Then-President Ronald Reagan, who had by the early ‘80s begun strictly adhering to his wife’s “Just Say No” drug policy in favor of daily sniffing sessions of common household glue products, was well-known for his rabid and somewhat paranoid crusades to seek out and obliterate burgeoning Communist governments around the world. Thrilled by the overwhelming success he’d achieved in arming the Afghan Taliban government’s army to fight off the Soviets, with no foreseeable long term negative side effects, he set his sights on Nicaragua. The Central American country, with a population nearly rivaling that of the state of Iowa, had been taken over by a Communist government and posed a deadly threat to the rest of the democracy-loving Western Hemisphere. The only ones resisting the Communist takeover were a group of militant Contras, whose guerilla fighting tactics mostly consisted of murder, torture, rape, kidnapping, and forcing their captives to watch endlessly-looped episodes of “The Love Boat.” Reagan, however, saw past all that, recognizing them for the humble patriots they were, and immediately began brainstorming ways to provide them with training and weaponry. This was tricky because the rest of the U.S. government, lacking Reagan’s keen foresight, had previously passed the Boland Amendment, which strictly outlawed providing direct aid to the Contras.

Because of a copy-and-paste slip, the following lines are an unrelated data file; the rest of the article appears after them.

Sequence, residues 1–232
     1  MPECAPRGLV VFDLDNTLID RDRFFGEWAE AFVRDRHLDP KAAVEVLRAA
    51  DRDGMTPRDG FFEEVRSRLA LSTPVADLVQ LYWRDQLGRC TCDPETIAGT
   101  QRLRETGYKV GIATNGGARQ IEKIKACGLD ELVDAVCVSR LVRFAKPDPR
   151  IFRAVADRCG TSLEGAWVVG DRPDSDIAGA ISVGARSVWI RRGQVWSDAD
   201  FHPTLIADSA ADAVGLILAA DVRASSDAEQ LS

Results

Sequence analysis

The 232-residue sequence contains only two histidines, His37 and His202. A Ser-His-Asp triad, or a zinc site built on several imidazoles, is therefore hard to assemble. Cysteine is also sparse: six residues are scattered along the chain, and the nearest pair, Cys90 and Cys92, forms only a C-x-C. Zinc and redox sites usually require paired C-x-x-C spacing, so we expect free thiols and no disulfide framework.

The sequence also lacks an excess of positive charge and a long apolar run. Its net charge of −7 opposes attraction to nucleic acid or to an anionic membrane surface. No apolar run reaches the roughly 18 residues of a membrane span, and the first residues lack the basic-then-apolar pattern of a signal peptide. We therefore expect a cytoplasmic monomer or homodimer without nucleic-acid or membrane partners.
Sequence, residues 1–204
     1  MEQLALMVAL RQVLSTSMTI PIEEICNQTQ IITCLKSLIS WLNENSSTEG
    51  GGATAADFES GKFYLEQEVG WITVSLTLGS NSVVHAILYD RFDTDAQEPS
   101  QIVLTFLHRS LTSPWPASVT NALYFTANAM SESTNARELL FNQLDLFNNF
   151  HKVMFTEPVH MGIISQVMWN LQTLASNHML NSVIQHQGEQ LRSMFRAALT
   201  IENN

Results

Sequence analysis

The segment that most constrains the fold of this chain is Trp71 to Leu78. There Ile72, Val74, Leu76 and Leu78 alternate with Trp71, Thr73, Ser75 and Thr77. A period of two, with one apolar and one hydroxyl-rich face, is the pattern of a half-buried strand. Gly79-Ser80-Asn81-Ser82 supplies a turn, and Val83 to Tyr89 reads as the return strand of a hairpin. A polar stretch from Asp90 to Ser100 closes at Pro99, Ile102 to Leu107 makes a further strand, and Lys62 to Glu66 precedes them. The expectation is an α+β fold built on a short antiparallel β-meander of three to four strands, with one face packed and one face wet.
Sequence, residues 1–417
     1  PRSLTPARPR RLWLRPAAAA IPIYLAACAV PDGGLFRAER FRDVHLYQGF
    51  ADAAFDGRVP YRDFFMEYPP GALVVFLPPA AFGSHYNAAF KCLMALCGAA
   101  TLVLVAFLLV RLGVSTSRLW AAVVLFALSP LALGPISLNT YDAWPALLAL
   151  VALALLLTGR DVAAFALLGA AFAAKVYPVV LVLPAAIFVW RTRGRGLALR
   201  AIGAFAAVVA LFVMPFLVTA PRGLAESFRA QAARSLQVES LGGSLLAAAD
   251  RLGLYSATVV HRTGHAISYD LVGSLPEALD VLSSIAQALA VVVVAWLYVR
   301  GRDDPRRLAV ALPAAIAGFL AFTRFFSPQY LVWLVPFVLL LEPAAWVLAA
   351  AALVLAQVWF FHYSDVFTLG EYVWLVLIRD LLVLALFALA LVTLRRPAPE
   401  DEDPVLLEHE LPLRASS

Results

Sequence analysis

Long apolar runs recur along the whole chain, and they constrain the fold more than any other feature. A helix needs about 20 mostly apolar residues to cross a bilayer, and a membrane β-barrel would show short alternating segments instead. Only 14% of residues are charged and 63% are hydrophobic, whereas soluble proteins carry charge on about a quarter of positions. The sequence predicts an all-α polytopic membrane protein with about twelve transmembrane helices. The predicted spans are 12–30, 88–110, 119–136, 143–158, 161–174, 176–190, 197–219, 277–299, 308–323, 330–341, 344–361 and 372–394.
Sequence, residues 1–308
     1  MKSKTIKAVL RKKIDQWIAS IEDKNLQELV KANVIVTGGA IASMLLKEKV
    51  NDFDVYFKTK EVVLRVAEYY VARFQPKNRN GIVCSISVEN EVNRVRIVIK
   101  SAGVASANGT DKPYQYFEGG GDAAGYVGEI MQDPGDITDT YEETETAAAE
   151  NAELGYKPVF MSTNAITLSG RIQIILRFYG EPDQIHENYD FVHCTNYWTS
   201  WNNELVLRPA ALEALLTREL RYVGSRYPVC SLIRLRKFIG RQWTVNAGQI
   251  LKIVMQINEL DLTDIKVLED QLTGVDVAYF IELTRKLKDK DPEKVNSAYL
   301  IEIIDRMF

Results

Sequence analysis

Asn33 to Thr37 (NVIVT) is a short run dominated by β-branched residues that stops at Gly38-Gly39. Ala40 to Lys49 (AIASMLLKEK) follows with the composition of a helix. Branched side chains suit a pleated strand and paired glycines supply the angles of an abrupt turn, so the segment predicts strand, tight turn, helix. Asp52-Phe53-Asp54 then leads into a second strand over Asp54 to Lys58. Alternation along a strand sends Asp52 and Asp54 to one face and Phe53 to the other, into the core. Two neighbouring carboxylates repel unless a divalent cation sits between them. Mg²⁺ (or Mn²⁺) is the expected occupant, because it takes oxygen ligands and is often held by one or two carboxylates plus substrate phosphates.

After a fateful all-night meeting in early 1985 with Defense Secretary Casper Weinberger and National Security Council leader Lt. Col. Oliver North that was said to have involved inhuman amounts of Elmer’s Rubber Cement, Wild Turkey, and whip-its, President Reagan had devised a plan. Feeling he was on a hot streak after heavily betting on the New England Patriots to defeat the Chicago Bears in Super Bowl XX, Reagan selected—from a group that included all the countries in the entire world—the stable and congenial nation of Iran to help him with his plan, which involved selling arms to Iran and using the money to help out the Nicaraguan Contras. Reportedly, sober members of the president’s inner circle advised him against doing business with Iran on the premise that the Muslim nation had openly declared its hatred for Israel and the U.S., and for the fact that at the time Hezbollah, a militant Islamist group with ties to the Iranian government, was currently holding several U.S. citizens as hostages. Reagan assured his staff members that when the Iranians received shiny new tanks and guns, they’d loosen up and begin releasing hostages, thus reversing the U.S. policy of “not negotiating with terrorists” that had been previously established by President Harrison Ford. When staffers further pointed out that there was currently an arms embargo in place against Iran and sending them weapons would be breaking U.S. law, Reagan reportedly chased them all out of the room by brandishing a “soap-on-a-rope” type device.